Combined sewer overflow to the Willamette River
Heavy rain on the afternoon of Friday, March 28, 2014 caused Portland’s combined sewer system to overflow to the Willamette River. The public should avoid contact with the river from the Milwaukie Boat Ramp (just south of the Sellwood Bridge) downstream to the Willamette’s confluence with the Columbia River near Kelley Point Park.
The combined sewer overflow (CSO) event began at about 5:20 p.m. on March 28. As a precaution, the public should avoid contact with river water until Sunday afternoon, March 30.
It is especially important to avoid recreational activities, such as jet skiing or swimming, during which water could be swallowed. CSOs are contaminated with bacteria from untreated sewage. Environmental Services recommends these precautions to protect public health.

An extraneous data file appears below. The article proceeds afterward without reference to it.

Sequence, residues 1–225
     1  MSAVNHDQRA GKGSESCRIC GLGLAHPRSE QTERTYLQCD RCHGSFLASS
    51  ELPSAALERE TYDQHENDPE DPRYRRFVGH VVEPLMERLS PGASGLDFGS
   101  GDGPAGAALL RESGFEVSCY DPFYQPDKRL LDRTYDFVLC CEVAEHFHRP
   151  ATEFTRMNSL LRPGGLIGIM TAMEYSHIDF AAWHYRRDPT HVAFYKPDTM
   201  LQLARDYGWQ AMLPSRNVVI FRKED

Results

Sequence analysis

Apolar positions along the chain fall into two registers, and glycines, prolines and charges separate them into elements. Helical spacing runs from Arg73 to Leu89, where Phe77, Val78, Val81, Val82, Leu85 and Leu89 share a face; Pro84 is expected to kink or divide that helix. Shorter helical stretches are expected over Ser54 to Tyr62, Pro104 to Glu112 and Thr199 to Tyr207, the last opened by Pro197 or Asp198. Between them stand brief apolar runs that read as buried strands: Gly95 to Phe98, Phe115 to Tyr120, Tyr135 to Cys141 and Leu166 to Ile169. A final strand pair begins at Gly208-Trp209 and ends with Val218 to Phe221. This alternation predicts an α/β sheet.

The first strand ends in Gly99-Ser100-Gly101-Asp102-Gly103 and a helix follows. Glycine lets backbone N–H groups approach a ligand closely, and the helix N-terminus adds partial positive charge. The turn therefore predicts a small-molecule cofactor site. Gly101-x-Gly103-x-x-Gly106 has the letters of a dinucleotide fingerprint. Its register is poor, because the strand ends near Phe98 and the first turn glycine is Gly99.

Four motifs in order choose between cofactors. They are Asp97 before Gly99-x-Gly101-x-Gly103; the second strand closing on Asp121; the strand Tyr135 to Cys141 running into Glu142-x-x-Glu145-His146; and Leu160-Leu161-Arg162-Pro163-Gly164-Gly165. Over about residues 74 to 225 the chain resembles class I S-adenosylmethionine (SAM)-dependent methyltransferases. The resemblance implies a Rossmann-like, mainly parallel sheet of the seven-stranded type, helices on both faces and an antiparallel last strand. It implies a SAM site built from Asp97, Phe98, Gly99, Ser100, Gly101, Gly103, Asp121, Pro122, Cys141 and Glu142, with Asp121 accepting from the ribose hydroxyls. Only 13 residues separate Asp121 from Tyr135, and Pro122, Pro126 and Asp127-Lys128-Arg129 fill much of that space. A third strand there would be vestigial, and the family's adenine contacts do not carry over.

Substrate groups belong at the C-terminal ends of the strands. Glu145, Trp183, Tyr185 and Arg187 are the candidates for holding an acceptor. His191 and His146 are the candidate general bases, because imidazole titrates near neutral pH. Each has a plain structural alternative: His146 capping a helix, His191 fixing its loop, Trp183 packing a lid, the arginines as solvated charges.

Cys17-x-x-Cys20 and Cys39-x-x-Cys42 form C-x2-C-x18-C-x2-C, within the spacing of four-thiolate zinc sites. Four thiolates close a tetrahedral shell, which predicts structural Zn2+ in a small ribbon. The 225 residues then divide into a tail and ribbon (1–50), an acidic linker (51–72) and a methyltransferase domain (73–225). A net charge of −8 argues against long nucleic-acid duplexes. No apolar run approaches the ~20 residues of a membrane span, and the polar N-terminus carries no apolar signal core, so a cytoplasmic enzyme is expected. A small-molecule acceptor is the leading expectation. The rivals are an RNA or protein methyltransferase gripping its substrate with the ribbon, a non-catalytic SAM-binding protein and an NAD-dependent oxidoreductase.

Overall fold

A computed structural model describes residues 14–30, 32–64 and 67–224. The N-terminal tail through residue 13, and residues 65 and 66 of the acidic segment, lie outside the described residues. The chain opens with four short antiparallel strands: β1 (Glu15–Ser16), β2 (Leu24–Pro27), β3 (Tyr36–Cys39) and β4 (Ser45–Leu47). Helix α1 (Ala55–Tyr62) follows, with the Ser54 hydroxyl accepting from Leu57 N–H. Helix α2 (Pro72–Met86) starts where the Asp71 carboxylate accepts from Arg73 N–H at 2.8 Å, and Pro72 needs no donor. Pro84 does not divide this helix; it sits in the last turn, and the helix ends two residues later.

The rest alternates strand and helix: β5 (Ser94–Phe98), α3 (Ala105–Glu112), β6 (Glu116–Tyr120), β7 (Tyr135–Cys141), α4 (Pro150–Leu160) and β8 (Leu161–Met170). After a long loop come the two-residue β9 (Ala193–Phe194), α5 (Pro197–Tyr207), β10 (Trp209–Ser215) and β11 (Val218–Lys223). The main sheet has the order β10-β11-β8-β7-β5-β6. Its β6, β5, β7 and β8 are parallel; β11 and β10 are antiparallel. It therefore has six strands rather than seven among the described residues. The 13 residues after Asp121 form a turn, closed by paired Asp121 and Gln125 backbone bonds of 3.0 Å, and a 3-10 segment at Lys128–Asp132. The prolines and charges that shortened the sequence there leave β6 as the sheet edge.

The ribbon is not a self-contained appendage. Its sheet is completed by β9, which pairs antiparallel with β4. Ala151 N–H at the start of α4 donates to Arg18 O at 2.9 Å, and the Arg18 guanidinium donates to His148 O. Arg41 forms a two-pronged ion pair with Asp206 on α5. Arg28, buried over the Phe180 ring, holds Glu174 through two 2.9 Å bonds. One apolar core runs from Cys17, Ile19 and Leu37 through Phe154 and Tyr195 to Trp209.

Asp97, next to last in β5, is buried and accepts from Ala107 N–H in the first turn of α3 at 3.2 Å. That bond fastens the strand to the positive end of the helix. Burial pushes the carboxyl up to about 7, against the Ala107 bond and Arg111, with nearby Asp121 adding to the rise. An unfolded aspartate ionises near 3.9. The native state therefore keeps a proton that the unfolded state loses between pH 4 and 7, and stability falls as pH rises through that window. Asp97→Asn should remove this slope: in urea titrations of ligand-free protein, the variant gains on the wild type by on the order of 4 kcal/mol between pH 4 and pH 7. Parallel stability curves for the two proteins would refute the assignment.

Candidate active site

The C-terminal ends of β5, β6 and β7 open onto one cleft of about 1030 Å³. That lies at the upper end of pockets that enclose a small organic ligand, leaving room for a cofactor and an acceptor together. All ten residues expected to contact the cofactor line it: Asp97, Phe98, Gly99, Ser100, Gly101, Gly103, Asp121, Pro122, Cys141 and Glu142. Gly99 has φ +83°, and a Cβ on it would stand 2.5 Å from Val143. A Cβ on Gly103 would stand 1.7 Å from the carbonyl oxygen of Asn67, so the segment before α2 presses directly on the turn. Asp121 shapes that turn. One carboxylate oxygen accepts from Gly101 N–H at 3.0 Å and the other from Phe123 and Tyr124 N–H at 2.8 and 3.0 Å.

People who fish for 48 hours after a CSO event should wash their hands following contact with river water. Those who choose to eat fish caught in the Willamette River for 48 hours after a CSO event should cook the fish thoroughly to kill bacteria.
Portland’s combined sewer system carries sewage and stormwater runoff in the same pipes. During very heavy rainstorms, the increased stormwater runoff can cause combined sewers to overflow into the Willamette River.
In December 2011, Portland completed a 20-year program to improve the sewer system and reduce Willamette River CSO events from an average of 50 per year to no more than four per winter and one every third summer.
The Bureau of Environmental Services provides city residents with programs to protect water quality and public health, including wastewater collection and treatment, sewer construction and maintenance, stormwater management, and stream and watershed restoration.